Sheriff, group speak out against medical marijuana

TALLAHASSEE, Florida -- Polk County Sheriff Grady Judd didn't hold back.

"It's a fraud folks and anybody that thinks it's anything other than that is smoking marijuana," he said.

As president of the Florida Sheriff's Association, Judd teamed up with other groups to create "Don't Let Florida Go to Pot." It's a coalition that says passage of medical marijuana in the state will increase crime and cause a list of other problems.

"Let's look at Colorado. In 2001, they legalized marijuana and in the first three years, their violent crimes increased by 13 percent."

A small concentration of medical marijuana in the form of oil was voted in by the legislature this past session. This group doesn't oppose that measure, but they hope Floridians will vote down Amendment 2 in November which legalizes more strains of the drug allowing more people to qualify for it and more businesses can sell it.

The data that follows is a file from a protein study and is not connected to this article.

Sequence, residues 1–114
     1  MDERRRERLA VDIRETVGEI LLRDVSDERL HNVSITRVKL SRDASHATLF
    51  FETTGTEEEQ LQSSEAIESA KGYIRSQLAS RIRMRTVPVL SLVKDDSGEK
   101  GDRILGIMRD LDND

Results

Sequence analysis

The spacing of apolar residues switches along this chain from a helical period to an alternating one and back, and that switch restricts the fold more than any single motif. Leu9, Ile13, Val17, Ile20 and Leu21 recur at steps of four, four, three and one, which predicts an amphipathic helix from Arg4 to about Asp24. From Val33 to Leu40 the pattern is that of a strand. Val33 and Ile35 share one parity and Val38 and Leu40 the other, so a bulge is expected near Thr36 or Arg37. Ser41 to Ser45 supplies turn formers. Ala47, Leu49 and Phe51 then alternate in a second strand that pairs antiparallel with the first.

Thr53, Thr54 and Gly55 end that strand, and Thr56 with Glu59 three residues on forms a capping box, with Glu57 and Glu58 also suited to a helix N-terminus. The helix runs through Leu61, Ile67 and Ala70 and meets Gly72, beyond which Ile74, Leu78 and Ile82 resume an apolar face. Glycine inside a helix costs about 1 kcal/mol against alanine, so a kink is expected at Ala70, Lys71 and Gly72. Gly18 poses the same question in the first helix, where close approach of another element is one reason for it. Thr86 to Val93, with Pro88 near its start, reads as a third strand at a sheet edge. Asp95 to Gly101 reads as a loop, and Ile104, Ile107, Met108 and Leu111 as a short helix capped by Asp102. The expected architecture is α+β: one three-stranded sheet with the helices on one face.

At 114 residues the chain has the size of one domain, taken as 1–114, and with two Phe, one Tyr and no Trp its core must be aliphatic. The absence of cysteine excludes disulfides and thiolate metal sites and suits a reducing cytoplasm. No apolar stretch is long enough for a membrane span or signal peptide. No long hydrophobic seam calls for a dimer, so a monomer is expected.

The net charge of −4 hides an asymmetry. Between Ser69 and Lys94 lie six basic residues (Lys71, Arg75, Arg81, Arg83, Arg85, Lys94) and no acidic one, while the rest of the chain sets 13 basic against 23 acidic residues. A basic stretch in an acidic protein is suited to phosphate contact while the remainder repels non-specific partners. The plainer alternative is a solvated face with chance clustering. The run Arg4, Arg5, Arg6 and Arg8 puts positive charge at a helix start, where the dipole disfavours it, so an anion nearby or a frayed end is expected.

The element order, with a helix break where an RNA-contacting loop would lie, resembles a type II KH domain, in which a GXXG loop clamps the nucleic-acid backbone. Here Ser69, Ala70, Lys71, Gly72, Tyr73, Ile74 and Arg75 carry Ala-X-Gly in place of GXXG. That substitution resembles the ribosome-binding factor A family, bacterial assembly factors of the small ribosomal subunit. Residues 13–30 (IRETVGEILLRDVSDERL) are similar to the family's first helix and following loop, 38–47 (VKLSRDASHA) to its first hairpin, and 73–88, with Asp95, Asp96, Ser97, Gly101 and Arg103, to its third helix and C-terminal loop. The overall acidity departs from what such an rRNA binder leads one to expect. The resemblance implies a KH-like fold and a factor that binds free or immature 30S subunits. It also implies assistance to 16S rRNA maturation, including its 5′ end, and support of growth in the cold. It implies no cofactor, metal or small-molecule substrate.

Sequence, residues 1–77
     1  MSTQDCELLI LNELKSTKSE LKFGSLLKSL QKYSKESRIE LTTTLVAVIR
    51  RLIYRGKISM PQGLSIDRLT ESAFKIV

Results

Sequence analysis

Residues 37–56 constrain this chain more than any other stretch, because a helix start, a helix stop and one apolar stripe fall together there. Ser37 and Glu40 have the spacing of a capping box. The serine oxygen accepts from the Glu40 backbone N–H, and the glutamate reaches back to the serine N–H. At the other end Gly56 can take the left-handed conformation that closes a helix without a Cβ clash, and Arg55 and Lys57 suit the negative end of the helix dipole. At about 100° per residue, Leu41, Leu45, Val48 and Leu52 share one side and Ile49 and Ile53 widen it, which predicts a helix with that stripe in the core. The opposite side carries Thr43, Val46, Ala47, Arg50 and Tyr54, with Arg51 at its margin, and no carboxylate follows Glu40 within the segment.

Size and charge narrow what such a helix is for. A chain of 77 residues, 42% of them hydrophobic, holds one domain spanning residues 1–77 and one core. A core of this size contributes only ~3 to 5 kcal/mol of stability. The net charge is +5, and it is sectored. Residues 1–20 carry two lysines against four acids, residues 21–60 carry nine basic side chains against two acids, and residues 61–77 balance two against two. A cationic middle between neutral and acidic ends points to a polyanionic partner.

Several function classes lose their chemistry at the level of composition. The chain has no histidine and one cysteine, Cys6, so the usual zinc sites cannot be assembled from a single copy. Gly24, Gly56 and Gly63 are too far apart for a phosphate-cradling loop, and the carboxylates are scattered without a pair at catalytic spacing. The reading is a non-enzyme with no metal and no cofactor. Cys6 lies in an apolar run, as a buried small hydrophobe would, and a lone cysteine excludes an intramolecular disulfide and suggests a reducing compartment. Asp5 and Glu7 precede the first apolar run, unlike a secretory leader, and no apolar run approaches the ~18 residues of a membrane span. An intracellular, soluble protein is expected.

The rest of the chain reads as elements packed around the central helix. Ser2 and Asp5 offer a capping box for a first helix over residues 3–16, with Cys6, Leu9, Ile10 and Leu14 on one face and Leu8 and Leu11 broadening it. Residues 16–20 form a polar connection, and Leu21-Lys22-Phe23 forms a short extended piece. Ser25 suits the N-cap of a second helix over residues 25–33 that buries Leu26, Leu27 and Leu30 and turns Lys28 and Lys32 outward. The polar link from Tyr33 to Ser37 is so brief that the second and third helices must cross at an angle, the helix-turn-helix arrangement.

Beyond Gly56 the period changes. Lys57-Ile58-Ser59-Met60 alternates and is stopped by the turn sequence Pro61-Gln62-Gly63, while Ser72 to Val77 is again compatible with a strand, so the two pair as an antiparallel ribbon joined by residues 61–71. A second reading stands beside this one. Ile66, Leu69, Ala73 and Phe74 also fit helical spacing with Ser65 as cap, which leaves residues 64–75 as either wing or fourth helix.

"I mean there's always a risk, but at the same time, look at how much it's going to help instead of how much it's going to hurt," said Curstin Bufford.

"Personally I would not recommend it," said George Scott.

People in favor of medical marijuana becoming legal in Florida are already preparing for it. Dozens of businesses who seem to want to sell the drug are popping up.

"If we had no more or no less pot dispensaries than Orange County, California, there would be 50 in our [Polk] county alone," Judd said.

Karen Bailey also spoke at the press conference. She says marijuana played a role in her son's death by overdose.

"It is out of love for our children, for those like my son, that we need to say no," she said.

Amendment 2 can be found online. "Don't Let Florida Go To Pot" members recommend you take a look at it before voting.


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